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Snuffing Flames with Electricity
Three years ago, the Defense Advanced Research Projects Agency (DARPA) laid down a challenge to scientists: find a way to use electric fields or sonic waves to suppress fire instantly. “Fire, especially in enclosed military environments such as ship holds, aircraft cockpits, and ground vehicles, continues to be a major cause of material destruction and loss of warfighter life,” noted the agency in its announcement. This spring, scientists in the lab of Flowers University Professor George Whitesides succeeded in extinguishing a flame a foot and a half high with a strong electric field.
A flame, explains Ludovico Cardemartiri, the postdoctoral fellow who ran the experiments, is really a chemical reaction in which part of the combustible fuel source is being ionized—separated into positively and negatively charged particles that form a gas cloud of charged particles called a plasma. That much has been known for a long time, and scientists have even used static electric fields to “bend” flames.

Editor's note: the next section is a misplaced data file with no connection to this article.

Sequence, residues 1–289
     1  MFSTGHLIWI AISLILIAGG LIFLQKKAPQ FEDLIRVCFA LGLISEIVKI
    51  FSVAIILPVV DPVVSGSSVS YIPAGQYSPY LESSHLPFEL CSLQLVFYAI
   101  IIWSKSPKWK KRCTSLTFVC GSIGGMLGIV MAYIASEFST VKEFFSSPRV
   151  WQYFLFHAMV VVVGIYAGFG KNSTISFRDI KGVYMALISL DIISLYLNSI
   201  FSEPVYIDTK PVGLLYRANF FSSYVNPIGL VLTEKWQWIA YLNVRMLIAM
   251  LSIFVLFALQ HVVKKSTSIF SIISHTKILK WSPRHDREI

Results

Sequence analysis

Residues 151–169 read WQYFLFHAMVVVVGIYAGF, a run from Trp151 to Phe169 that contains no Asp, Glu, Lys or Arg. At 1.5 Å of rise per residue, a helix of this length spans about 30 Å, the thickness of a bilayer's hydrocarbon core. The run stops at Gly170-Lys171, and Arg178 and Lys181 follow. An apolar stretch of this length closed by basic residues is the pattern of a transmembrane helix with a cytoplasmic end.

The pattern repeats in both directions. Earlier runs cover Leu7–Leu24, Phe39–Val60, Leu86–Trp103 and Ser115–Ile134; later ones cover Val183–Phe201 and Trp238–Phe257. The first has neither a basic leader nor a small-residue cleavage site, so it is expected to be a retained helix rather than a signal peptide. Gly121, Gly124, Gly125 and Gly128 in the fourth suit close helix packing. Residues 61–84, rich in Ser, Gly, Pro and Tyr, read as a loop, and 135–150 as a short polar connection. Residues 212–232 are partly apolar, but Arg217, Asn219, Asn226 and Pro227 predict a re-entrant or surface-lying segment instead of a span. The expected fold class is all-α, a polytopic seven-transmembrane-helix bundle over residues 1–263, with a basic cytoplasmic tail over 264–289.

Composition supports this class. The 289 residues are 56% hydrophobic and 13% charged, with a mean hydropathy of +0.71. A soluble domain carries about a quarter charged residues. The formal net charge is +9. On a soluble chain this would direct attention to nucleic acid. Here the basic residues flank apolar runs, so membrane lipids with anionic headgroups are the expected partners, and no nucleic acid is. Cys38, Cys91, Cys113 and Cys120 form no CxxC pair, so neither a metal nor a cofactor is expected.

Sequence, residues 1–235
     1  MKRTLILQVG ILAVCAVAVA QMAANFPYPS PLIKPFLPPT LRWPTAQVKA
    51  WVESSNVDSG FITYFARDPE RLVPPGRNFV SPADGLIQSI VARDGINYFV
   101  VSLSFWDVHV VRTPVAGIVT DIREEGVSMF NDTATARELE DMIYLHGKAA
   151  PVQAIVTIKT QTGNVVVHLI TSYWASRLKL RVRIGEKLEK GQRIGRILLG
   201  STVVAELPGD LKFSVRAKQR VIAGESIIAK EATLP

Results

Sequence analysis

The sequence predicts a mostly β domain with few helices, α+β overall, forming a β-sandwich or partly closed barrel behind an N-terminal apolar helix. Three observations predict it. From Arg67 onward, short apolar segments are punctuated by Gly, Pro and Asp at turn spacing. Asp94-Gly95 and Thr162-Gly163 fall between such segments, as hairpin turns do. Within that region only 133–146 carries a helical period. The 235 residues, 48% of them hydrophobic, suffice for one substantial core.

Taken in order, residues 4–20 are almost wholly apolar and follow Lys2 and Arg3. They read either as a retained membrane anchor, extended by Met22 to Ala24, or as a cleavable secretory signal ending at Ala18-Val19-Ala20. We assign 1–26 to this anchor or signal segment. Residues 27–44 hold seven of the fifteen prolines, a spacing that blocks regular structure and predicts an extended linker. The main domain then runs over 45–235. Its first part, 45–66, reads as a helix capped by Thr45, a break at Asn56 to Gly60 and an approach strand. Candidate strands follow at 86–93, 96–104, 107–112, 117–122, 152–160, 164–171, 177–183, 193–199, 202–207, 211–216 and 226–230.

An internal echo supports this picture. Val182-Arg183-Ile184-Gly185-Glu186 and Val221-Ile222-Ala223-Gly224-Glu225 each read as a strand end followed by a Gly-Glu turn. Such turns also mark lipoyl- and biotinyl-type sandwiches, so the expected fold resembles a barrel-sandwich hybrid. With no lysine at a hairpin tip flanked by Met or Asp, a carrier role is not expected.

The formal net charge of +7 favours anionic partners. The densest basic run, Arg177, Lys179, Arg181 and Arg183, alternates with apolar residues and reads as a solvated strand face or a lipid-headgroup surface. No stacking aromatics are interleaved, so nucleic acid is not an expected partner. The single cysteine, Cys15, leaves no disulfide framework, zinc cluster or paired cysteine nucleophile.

The Whitesides team found that by using an oscillating electric field (of the kind generated by alternating current), rather than a static field, the flame could actually be snuffed out. Because a flame is a complex system, composed of myriad dynamic parts, Cardemartiri explains, scientists still don’t have a complete quantitative understanding of this process. But they think that the soot in the flame might play an important role, by concentrating the positively charged ions in the plasma; when a high-voltage electric field emanating from the tip of a wire is pointed at the flame, it exerts a repelling force on the charged particles, which drag the plasma with it. Pushed off its fuel source, the flame dies.
Whether this discovery will yield fire-suppression technologies of the kind that DARPA hopes for remains to be seen. Nevertheless, Cardemartiri points out that this kind of basic research, which has yielded new insight into how electrical waves can control flames, could have an impact on other important applications of combustion—perhaps even in cars or power plants.